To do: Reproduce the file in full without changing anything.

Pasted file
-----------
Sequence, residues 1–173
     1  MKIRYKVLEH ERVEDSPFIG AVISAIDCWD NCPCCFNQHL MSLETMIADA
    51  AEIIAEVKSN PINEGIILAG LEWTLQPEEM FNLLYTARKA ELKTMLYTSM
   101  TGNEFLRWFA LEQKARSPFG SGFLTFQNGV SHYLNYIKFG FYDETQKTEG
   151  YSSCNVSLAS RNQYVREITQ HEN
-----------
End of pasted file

Sequence, residues 1–173
     1  MKIRYKVLEH ERVEDSPFIG AVISAIDCWD NCPCCFNQHL MSLETMIADA
    51  AEIIAEVKSN PINEGIILAG LEWTLQPEEM FNLLYTARKA ELKTMLYTSM
   101  TGNEFLRWFA LEQKARSPFG SGFLTFQNGV SHYLNYIKFG FYDETQKTEG
   151  YSSCNVSLAS RNQYVREITQ HEN